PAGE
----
Lydia Mills: No, I just think from a patient perspective, don't be afraid to bring up the topic. And from a provider perspective, I don't know how you feel about this, but I think even those patients that have maybe curative intent, it's still important, I think, to have a conversation about what they're hoping to get from this treatment and what they might have planned, depending how long that treatment may last. Because I will tell you, it's mortality that comes to everybody's mind after diagnosis, you know, even with a curative intent. And so I just think it's really important, again, to bring this up with all patients. What is important to them? What are their hopes to get from this or not get from this?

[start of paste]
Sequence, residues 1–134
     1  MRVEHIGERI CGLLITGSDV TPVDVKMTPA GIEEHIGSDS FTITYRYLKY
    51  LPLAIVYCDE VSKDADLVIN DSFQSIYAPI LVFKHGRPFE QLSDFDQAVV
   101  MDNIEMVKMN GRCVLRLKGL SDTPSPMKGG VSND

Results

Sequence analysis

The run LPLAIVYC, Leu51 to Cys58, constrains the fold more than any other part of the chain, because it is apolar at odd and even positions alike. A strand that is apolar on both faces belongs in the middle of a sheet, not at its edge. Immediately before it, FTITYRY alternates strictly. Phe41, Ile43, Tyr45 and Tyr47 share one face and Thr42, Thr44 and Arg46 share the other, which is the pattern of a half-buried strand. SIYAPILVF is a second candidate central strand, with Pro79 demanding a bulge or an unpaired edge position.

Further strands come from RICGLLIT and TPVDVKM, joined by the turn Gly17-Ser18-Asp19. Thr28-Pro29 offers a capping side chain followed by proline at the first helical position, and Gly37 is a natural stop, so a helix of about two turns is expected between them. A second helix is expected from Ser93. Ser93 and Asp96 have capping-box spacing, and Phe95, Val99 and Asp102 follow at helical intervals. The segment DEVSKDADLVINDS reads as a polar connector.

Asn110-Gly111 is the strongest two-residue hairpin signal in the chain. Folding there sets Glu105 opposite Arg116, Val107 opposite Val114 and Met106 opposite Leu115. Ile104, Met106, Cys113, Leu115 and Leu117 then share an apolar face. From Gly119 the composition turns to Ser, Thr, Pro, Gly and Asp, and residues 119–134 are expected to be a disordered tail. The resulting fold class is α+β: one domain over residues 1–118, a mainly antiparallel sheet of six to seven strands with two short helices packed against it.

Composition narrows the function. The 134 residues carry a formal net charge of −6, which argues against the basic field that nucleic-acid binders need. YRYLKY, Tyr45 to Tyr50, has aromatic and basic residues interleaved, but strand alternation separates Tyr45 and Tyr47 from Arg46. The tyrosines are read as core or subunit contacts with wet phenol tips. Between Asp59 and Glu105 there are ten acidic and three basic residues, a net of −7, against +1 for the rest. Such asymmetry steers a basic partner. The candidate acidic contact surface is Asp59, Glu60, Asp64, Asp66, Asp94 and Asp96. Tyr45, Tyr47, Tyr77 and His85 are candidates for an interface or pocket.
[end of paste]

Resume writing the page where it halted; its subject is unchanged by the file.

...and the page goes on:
Dr. Wilfong: Well, thanks, Lydia. I learned something from you every time we talk about this topic. So I appreciate the time. And definitely encourage everyone to have goals of care discussions with your physicians and health care teams. It's important.

Lydia Mills: Absolutely. Thank you.

ASCO: Thank you, Dr. Wilfong and Ms. Mills. Find more podcasts and blog posts in the Meaningful Conversations series at www.cancer.net/meaningfulconversations.